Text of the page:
New York

Andres Serrano

Andres Serrano’s new, large color photographs taken in morgues are portraits, figure studies, and studies of the hands, feet, heads, and genitals of corpses. We see, at close range and larger than life, stab wounds and scalpel incisions, flesh bloated from drowning and discolored by poison, ears and noses half burned away, fists clenched as though to ward off blows.

Serrano had permission to take lights and backdrops into the morgues, that is, he worked with the freedom and control of the studio artist, yet handled his subjects like a mediocre amateur. Light: from how-to books of glamour photography, unconsidered, predictable; emphasis: dull when not haphazard; drawing: unresolved when not just rendering; drapery: flat tending to featureless; compositions: only arrangements—with so much in each picture taken up by black background, chalk-white linen, unachieved or inexpressive forms and other visually inert or only nominally visual material, what’s to compose?

Art’s beautiful mutilated dead and beautiful death agonies are myriad. At random, then (and setting aside all dying and dead Christs), Why did Philip II want Bosch’s damned in his Escorial bedroom? Caravaggio’s patrons to live with Goliath’s and Holofernes’ severed heads? Zurbará’s with his Saint Agatha carrying her severed breasts on a silver plate? Partly for the discharge and containment of torturing thoughts and emotions (including sadistic and masochistic ones). Serrano worked apparently unaffected by his subjects, possessed by a self-importance reflected in the showy lighting and the affected titles, oh so deadpan, so Olympian: Death by Drowning, Rat Poison Suicide (all works 1992). The general title also suggests that Serrano was thinking more about packaging and his own art-world image than about either his subject or art. “The Morgues (The Causes of Death)” is all wrong. We see no morgue, and causes precede death. Serrano gives us only effects. The work is slick and bathetic: popper art, hitting and fading in the same whiff.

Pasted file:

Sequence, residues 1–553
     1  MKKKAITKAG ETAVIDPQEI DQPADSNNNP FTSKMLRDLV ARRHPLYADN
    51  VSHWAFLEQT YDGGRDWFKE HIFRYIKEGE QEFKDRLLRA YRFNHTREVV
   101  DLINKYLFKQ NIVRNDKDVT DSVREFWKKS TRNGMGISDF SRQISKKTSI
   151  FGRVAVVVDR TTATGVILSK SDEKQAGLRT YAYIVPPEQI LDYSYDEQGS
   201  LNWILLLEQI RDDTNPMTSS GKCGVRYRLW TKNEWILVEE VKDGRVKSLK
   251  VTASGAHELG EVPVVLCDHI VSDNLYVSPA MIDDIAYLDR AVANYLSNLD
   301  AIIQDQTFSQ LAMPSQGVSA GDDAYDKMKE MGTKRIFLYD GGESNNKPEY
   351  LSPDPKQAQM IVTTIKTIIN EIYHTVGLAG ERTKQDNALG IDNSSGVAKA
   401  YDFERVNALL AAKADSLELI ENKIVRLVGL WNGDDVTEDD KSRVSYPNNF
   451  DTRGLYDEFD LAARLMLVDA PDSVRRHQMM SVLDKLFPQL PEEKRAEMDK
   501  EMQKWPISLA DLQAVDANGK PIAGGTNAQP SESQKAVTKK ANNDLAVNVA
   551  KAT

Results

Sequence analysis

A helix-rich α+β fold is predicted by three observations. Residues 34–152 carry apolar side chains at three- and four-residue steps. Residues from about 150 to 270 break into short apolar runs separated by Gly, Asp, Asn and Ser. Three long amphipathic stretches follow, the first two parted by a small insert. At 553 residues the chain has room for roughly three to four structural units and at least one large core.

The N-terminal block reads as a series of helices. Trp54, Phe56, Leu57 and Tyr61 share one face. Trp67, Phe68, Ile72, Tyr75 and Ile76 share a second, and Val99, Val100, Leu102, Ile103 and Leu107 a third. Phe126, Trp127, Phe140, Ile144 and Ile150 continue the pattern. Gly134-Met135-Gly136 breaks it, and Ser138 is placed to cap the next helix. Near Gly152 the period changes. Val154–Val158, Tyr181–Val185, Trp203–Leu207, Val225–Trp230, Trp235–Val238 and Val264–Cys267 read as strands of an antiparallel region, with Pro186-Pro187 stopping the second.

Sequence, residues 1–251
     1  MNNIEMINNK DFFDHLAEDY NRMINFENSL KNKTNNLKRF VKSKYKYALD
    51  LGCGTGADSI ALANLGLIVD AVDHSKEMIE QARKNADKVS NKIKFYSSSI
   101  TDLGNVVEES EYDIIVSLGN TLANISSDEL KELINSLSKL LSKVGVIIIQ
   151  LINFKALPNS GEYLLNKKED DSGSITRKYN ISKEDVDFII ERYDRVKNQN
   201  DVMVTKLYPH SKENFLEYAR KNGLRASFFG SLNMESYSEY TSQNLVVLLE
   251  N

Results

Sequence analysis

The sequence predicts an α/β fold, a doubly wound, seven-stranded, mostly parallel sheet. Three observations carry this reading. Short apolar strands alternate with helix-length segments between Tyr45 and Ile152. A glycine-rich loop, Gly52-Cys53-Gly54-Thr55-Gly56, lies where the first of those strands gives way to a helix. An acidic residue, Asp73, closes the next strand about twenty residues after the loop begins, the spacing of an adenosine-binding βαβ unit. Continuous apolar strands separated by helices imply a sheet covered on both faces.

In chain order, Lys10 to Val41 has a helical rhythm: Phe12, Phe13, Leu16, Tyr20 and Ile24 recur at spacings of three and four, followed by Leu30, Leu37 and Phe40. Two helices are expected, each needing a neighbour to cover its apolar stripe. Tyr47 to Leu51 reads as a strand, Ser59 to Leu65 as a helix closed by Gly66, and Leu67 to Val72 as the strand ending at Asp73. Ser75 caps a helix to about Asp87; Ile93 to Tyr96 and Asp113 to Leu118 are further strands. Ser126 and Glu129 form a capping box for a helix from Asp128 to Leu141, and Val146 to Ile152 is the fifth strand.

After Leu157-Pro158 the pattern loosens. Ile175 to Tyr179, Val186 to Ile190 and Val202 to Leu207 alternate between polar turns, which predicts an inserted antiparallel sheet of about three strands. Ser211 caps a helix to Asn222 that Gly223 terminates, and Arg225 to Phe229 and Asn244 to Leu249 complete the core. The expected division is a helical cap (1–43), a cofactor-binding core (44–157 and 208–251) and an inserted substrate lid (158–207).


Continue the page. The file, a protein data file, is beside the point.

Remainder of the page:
One consequence of ending up in a morgue is how hospital and morgue workers dress and pose your corpse for the journey there and out to the grave. Serrano’s catalogue of these effects includes a woman’s crossed hands echoing a minor gesture of Venus pudica; a rosary dangling from a man’s folded hands, the small crucifix resting on his penis; a silver ribbon, with bow, attaching an identity card to a baby’s ankle and making the small legs and feet resemble those of a ballerina en point; and drapery vaguely reminiscent of Renaissance painting. These reveal his imagination as informed by puerile rhetoric, sentimentality, shopworn surrealism, and a rudimentary inventory of figures in art to which bodies in nature might correspond.

We live with art concerning death because in it beauty, love, and the imagination contend with the horror of mortality, conceding to it from the outset all its power; in order to transcend, imaginatively, momentarily, but repeatedly, what Walter Benjamin called simply “the fear”; and for the sense, created ultimately by esthetic pleasure, that something human is at least as great as the enemy and (like love) gets up for every round despite our particular defeats. Taken as a whole, humanity’s responses to death, from children’s dead-baby jokes to Lear’s lament over Cordelia’s body, run the gamut of our emotional and imaginative responses. But Serrano’s pictures fall within the realm of social, not esthetic, responses. They resemble the attention-seeking utterances of a bore trying to impress us with his sangfroid, his blasé, deadpan, yet somehow sanctimonious urbanity, as he rubs our noses in mere fact.

Ben Lifson